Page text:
International financial advice firm Globaleye has apologised for inaccuracies in a pension guide on the company’s website.
Tim Searle, chairman of Globaleye, said his firm gives the most up to date information it can and added “with the fluidity of Qrops/Qnups it is easy to get out of date”.
He made these comments when FTAdviser flagged that rival advisers had complained about a “misleading” guide on his company’s website.
Mr Searle said: “What our clients get and what is on the website is completely different. I’ll apologise for the inaccuracies up there - we are reviewing them at present. It is one of the tasks the marketing team are doing now.
“We have an ongoing battle with making sure it is up to date. We are not a robo-advice or transactions company,” he added, stating that Globaleye clients have to sit down with an adviser.
James Pearcy-Caldwell, chartered financial planner at Aisa (CORRECT) International, told FTAdviser information in the guide, which was published on Globaleye’s website and able to be viewed last week, was largely out of date, misleading or inaccurate as different rules apply for different age groups and different countries.
The guide stated: “In the UK, all pensions have income tax deducted at the basic rate before they are paid out to the pensioner, whereas Qrop income will be taxed at the rate applicable to the country that the Qrop is based in.
“Due to double taxation agreements this can sometimes be 0 per cent.”
Christopher Lean, an IFA based in the Czech Republic, said this information was misleading, pointing out the level of taxation applied on pension income will depend upon the country where the retiree is the tax resident, the jurisdiction where the pension is based and the double taxation agreement between those two states.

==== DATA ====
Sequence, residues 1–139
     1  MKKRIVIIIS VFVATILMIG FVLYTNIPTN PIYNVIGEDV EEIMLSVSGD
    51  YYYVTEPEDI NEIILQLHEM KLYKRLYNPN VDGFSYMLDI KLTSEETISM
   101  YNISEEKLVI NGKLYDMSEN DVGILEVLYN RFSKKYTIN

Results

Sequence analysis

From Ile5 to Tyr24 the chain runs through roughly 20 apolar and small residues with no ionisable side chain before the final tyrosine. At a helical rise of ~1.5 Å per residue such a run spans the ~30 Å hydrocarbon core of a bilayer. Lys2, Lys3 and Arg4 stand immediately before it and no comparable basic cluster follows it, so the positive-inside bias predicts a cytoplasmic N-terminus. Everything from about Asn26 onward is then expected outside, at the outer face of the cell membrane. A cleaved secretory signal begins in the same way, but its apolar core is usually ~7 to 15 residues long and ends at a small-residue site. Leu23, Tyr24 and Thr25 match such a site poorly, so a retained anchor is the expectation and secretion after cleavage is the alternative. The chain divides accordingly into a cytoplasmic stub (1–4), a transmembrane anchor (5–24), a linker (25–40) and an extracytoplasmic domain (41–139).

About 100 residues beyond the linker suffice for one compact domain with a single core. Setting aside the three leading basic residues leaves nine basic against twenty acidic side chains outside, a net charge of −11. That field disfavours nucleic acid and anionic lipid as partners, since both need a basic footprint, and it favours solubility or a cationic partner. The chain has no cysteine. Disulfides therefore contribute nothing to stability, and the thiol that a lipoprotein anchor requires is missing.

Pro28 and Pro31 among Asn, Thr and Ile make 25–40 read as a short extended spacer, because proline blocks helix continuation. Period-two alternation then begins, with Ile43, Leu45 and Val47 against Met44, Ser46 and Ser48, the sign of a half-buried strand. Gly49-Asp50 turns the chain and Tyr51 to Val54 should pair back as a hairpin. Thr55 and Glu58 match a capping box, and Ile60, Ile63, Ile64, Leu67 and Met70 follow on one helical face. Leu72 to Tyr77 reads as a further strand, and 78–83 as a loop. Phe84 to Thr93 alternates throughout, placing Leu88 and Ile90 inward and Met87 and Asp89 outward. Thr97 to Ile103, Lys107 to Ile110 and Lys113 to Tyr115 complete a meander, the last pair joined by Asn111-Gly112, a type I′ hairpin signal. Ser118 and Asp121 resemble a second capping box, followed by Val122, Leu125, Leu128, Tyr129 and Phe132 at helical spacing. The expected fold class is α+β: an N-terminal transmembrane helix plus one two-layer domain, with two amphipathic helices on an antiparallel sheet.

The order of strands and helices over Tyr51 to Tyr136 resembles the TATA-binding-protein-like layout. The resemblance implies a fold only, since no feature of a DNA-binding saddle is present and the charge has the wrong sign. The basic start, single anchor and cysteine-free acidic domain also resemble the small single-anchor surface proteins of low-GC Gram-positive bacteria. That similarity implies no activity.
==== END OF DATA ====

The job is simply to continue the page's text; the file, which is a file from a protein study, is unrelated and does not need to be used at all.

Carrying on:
Mr Pearcy-Caldwell added the guide ignored the initial £10,000 or so of income comes under a personal allowance in the UK, which is taxed at 0 per cent.
The guide also stated tax penalties do apply if you return to the UK within five years.
Mr Lean questioned what tax penalties there were and Mr Pearcy-Caldwell said he was unaware of any tax penalties applied by the UK to repatriates.
Another misnomer was the following statement: “If you leave your pension in the UK in a Sipp for example, you will pay your highest marginal income tax rate on the income taken – where ever you are in the world.
Mr Lean said: “This is nothing to do with UK Sipps, but how pensions are taxed and Qrops income should be declared and taxed too.”
The guide also stated a tax-free lump sum of up to 30 per cent can be drawn down from a pension, leaving 70 per cent for a regular income, however Mr Lean noted UK advisers referred to it as a pension commencement lump sum, and other countries tax this lump sum.